Village Life: Water and Fire, Part 2

Recently, I (a Kenyan young man) was discussing with my sister the subject of village women and firewood. I was rather intrigued with her view on the topic:

” I believe for an African woman to be wise and complete, she must understand the value of wood, because wood determines her worthiness in the community and defines her role and strength as a woman. Any woman that overlooks wood,  she is not a real woman; that is violation of ancient African wisdom and natural laws.”

These powerful words of my sister changed my perspective on the importance and the role of wood in African communities. Though I’m not sure I fully understand it, I can’t argue with the fact that wood is a very central subject in African women’s daily life.

In ancient African villages, and even still in our modern villages, the value of a woman was highly based on her ability and skill in collecting firewood and fetching water; these are the core of true womanhood. Those who were skilled in these arts and undertook the duty heroically were considered  prudent and talented. It was a sign of prudence for a woman to know how to keep her firewood rack full during all seasons of the year. And talent? You’ll know what I mean when you try to carry a bundle of firewood on your head!

Since in African traditions it was the responsibility of the elder to choose life-time marriage partners for the young people, their wisdom was not solely based on appearance. A careful reading of Proverbs 31 likewise shows the value of a wise and strong, hard-working woman in the ancient Hebrew culture. A woman’s value and worthiness were not based on her beauty and charms, but rather on her practical skills and abilities. Though modern times have changed some things, collecting water and wood are still necessities for most women in African villages. It is still a sign of discernment for a man to choose his future wife based on her abilities in these areas of vocation. Young girls who learn this well are usually the first to be noticed by suitors.

A woman’s options for lighting fire are many in these modern times, but firewood is the most available natural resource and relatively easy to obtain. Is the task easy and enjoyable? Personally, I don’t think so, looking at the distance these women have to cover in searching for firewood, especially in places of deforestation. On average, it will take a woman at least five to six hours in a day to collect enough wood to last the next two or three days. Those who are unable to go and fetch wood (either because of scarcity of wood, poor health, or time constraints)  do have the option of buying firewood. Enough firewood for one week, sold in small pieces, will cost  at least 200 shillings (about $2). That doesn’t seem like a lot until you think about 200 shillings being a full day’s wage for most villagers. In American terms: a yearly salary of $40,000 per year breaks down to about $110 per day. Can you imagine spending $110 per week on propane or electricity to fire your stove? The “time is money” paradigm is the reason why African Mamas, if they are able, spend so many hours collecting the free firewood that is available from various sources.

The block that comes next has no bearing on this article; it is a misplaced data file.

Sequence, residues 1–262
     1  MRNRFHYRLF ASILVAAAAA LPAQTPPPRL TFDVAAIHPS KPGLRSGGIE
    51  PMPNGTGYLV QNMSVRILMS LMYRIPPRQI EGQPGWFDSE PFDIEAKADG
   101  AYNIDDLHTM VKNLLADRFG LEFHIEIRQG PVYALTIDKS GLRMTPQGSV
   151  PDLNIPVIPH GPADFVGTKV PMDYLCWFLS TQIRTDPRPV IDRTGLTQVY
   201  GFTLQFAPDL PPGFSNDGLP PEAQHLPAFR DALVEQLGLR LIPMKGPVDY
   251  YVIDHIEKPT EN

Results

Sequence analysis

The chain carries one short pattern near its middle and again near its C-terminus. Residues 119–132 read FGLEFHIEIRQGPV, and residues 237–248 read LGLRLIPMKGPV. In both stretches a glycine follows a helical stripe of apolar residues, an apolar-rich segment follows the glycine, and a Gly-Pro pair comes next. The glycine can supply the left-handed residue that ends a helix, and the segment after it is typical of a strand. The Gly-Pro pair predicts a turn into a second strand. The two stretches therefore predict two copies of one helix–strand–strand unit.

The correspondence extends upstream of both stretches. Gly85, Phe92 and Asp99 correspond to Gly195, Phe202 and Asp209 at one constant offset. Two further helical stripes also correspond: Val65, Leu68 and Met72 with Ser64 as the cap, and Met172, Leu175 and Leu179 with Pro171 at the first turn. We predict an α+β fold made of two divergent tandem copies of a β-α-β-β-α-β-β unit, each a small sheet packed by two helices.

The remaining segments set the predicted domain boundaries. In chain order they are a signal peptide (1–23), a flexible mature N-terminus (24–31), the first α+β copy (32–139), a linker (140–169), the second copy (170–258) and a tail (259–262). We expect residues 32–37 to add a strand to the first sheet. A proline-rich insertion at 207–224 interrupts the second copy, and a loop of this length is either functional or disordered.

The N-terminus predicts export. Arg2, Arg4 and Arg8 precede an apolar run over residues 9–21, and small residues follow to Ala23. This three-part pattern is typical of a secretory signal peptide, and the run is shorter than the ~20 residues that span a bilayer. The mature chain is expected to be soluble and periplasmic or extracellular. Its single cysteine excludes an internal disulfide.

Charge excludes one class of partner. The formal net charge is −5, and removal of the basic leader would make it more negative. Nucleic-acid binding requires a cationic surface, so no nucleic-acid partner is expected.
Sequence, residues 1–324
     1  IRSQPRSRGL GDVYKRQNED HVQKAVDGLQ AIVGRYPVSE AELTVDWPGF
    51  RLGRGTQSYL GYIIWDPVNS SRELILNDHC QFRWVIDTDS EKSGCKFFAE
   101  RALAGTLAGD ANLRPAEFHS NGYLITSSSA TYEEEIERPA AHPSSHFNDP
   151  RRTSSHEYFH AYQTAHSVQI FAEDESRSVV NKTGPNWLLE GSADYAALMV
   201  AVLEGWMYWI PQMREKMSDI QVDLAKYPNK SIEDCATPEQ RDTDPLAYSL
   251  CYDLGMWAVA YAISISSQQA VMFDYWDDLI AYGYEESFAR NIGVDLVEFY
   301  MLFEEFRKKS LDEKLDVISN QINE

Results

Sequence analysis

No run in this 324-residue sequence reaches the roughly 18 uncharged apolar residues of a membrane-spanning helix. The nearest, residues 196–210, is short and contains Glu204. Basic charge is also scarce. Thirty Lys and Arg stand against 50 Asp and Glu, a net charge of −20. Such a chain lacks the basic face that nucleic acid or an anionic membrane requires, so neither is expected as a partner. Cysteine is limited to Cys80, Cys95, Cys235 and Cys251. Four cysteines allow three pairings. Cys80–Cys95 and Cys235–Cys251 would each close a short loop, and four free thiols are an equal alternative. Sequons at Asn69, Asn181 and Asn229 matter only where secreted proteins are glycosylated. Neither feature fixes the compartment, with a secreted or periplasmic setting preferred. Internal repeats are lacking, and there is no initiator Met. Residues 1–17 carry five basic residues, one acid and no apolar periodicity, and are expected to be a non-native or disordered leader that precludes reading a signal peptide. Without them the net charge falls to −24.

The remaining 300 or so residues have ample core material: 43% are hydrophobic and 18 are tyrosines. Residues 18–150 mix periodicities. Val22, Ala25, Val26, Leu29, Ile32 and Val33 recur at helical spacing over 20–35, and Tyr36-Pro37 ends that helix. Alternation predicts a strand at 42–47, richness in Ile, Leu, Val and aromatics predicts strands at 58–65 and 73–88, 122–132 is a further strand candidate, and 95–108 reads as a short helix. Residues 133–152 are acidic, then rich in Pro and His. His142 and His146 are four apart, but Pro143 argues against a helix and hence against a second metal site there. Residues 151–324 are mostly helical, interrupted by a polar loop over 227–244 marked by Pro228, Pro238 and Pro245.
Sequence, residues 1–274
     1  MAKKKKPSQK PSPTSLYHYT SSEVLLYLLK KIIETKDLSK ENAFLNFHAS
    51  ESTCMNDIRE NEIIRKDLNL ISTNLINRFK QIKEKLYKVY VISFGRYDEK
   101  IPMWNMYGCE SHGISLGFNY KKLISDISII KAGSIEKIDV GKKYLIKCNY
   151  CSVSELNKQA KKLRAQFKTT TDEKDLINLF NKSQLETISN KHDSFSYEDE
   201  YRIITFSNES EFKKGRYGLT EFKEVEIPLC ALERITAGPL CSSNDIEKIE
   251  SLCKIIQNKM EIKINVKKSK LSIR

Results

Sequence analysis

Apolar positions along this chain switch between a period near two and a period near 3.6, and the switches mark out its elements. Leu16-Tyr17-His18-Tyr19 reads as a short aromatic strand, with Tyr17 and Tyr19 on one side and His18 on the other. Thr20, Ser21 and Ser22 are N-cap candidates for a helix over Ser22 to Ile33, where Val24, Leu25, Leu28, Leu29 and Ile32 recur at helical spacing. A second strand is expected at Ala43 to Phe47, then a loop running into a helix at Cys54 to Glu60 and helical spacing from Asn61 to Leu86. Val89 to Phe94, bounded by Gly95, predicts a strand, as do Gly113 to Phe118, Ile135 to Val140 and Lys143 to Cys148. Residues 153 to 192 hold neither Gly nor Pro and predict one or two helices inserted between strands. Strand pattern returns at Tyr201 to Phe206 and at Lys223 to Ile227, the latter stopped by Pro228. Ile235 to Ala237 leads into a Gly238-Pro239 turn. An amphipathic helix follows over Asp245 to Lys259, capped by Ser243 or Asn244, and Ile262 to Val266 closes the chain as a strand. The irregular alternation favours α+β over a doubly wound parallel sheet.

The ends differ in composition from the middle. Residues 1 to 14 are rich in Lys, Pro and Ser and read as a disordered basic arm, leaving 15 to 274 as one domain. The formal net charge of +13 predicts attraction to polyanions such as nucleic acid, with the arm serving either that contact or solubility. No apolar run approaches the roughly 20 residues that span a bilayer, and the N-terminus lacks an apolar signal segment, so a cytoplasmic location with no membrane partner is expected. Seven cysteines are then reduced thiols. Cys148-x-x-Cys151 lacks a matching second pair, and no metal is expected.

The task of collecting wood is not the only labor; after coming home, the wood must be arranged and stored in neat piles, often in the mud kitchens,  as  it dries slowly. When the wood is dry enough to burn, large pieces must be cut with an axe and long sticks broken into manageable pieces. Mamas make a traditional meko using three stones (shown in the picture) or a more advanced one made of bricks and mud. Keeping a fire lit under the meko would be difficult for those used to cooking on an electric stove, but these Mamas are practiced at pushing sticks slowly into the fire and breathing dying embers to life.

Carrying firewood is not for the lazy nor indolent, and success in the endeavor belongs to the most industrious and intelligent Mama. She must know the best sources for gathering wood, have the courage to foray through forested areas, and strength and balance to return home with large bundles of wood atop her head. Today’s generation of educated young women view firewood collecting as something for more primitive peoples or for times past, but to the true traditionalist and to conservatives like my sister, it remains their sacred and noble role in the community, the visible evidence of their true beauty and strength.